The “Graduation into sustainable livelihoods” approach or “graduation” is a term that refers to a range of intensive and targeted economic inclusion programs addressing multiple constraints and offering a sufficient and time-bound package of support to help program participants achieve sustainable income earning, increasing their assets and resilience.
While poverty rates have seen a spectacular decline over the past two decades, 736 million people still live in extreme poverty and suffer from social, economic, and political exclusion. New World Bank data shows that the rate of extreme poverty reduction is slowing. Deeply targeted household-level economic inclusion approaches have a proven track record not only in reaching the poorest, but also in ensuring sustainable pathways out of extreme poverty.
The graduation approach is a “big push” intervention designed to overcome the multiple barriers that prevent very poor and vulnerable households from building sufficient income, assets, and human capital to get onto a pathway out of extreme poverty and into sustainable livelihoods. Following BRAC’s pioneering work in Bangladesh since 2002, the graduation approach was piloted by CGAP and the Ford Foundation in ten pilot sites from 2006 to 2014. Graduation programs typically consist of a coordinated and sequenced multi-sectoral package of support over 18-36 months, including:
- Food or a regular cash transfer.
- Seed capital, transfer of a productive asset, or links to employment.
- Livelihood skills training and soft-skills training.
- Savings promotion, access to financial services, and related skills.
- Coaching or mentoring.
Rigorous research, including Randomized Control Trials of the original pilot projects, the early BRAC program, and additional graduation-type programs has demonstrated the effectiveness of this targeted economic inclusion approach. Nearly all of the programs studied were shown to effectively reach very poor and vulnerable households and reliably and sustainably increase their food security, income, assets, and resilience in diverse countries. A wave of innovation is now underway to adapt the program to additional population segments including refugees and displaced persons, indigenous people, residents of urban areas, and communities affected by fragility, conflict, and climate change. Many implementers are also taking a more deliberate approach to increasing women’s empowerment, beyond merely improving their financial position, by testing program innovations.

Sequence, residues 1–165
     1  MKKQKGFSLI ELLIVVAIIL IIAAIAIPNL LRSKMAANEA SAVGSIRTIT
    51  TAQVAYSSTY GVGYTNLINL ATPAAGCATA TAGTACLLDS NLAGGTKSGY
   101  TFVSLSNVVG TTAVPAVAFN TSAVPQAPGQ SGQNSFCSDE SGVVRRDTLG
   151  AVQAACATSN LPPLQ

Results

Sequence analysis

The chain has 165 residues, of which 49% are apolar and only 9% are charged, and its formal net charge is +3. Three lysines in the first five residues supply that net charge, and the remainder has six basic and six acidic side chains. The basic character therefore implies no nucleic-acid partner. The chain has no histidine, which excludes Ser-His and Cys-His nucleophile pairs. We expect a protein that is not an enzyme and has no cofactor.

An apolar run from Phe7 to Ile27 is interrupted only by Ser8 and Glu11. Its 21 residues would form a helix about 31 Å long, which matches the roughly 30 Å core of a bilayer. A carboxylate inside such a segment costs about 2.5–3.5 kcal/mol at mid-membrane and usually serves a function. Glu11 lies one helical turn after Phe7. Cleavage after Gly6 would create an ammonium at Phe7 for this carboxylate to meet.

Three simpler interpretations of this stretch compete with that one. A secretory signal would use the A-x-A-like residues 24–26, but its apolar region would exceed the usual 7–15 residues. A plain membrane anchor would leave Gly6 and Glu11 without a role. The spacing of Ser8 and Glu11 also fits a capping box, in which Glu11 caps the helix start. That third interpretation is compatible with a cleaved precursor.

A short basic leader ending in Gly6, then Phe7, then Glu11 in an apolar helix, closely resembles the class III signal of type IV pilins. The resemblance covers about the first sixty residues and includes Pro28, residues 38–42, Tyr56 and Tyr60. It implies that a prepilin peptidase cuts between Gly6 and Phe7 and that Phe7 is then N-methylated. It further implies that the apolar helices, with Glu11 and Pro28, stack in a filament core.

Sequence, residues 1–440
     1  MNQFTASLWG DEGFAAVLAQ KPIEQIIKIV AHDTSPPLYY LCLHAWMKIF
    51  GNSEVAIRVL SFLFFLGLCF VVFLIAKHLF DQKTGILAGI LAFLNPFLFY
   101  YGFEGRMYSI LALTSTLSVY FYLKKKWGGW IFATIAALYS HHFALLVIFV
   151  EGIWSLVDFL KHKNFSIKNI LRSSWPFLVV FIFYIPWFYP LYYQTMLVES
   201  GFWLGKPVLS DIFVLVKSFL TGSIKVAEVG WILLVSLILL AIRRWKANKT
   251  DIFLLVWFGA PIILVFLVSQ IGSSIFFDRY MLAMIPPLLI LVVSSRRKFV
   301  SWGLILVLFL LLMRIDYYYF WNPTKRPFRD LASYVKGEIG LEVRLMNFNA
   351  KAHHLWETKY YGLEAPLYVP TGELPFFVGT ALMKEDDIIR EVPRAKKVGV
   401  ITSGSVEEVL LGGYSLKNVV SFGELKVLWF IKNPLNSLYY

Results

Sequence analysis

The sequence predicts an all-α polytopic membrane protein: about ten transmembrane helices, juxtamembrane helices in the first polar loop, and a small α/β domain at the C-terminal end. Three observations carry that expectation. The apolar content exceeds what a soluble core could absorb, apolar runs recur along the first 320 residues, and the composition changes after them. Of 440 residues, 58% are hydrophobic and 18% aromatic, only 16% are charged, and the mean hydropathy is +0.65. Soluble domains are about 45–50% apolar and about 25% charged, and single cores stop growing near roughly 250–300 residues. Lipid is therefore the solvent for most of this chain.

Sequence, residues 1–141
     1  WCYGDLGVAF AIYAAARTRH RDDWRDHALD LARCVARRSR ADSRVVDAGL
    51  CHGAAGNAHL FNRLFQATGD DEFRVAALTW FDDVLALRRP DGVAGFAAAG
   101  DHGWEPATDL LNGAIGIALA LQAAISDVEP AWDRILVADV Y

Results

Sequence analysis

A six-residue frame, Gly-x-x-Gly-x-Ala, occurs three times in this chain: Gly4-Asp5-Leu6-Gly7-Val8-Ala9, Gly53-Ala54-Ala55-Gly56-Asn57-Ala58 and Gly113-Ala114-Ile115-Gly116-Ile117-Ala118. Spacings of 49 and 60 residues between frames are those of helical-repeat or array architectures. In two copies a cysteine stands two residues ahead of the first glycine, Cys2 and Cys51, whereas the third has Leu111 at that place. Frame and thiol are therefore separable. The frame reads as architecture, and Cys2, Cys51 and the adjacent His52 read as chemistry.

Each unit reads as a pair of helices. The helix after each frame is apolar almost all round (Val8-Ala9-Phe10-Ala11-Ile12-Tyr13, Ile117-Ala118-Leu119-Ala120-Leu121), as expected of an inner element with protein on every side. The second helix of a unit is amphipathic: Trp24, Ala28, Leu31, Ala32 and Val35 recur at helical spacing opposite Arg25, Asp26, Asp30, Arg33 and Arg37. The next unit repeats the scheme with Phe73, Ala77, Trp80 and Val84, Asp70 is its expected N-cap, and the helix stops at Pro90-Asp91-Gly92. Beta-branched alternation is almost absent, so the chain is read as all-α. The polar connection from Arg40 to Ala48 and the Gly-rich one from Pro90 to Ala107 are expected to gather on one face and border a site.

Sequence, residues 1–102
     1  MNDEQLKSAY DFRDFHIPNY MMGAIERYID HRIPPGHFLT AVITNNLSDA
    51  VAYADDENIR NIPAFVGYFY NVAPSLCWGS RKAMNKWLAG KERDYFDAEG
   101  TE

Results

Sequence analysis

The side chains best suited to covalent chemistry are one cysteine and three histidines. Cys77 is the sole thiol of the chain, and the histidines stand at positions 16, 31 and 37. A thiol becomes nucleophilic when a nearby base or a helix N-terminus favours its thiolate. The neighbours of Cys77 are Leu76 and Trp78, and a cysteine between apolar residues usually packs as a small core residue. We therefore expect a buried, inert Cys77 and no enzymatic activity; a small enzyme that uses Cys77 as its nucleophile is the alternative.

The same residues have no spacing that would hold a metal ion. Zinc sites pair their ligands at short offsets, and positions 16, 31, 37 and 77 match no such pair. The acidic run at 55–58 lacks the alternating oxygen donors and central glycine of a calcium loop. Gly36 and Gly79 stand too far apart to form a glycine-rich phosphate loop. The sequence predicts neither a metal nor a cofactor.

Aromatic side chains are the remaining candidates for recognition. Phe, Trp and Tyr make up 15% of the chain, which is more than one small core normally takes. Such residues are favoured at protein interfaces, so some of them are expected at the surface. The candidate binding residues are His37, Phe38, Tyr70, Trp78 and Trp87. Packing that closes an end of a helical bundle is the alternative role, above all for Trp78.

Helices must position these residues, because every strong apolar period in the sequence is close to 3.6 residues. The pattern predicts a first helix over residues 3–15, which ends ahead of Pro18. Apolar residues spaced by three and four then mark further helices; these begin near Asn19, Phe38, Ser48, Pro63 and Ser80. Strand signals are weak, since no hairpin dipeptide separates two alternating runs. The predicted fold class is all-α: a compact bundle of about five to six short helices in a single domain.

The Partnership for Economic Inclusion (PEI) is a global partnership hosted at the World Bank’s Social Protection and Jobs Global Practice with a mandate to extend economic opportunities to extreme poor and vulnerable households. It is the platform for the large Community of Practice that was built over the last decade. Its mission is to accelerate innovation and large-scale adoption of effective and scalable household-level interventions to help households increase their incomes, assets, and resilience, as a critical step on the pathway out of extreme poverty. PEI’s central focus is on helping governments integrate these interventions into large-scale social protection systems and anti-poverty programs, as a critical way to build human capital in a sustainable and cost-effective manner.
Important Announcements from the Partnership on Economic Inclusion:
In 2017, PEI gathered information from implementers of the more than 100 graduation projects currently underway around the world and has compiled a State of the Sector report. In early 2019, PEI began collecting data for the next State of the Sector report.
Watch the Webinar Recording on the PEI 2018 State of the Sector Report.
Organizations implementing the graduation approach need tools to manage their different program components effectively. Mobile and cloud technology are helping them to support poor women on their path out of poverty.
News & Events
The latest news and upcoming events and training from the global financial inclusion community on this topic.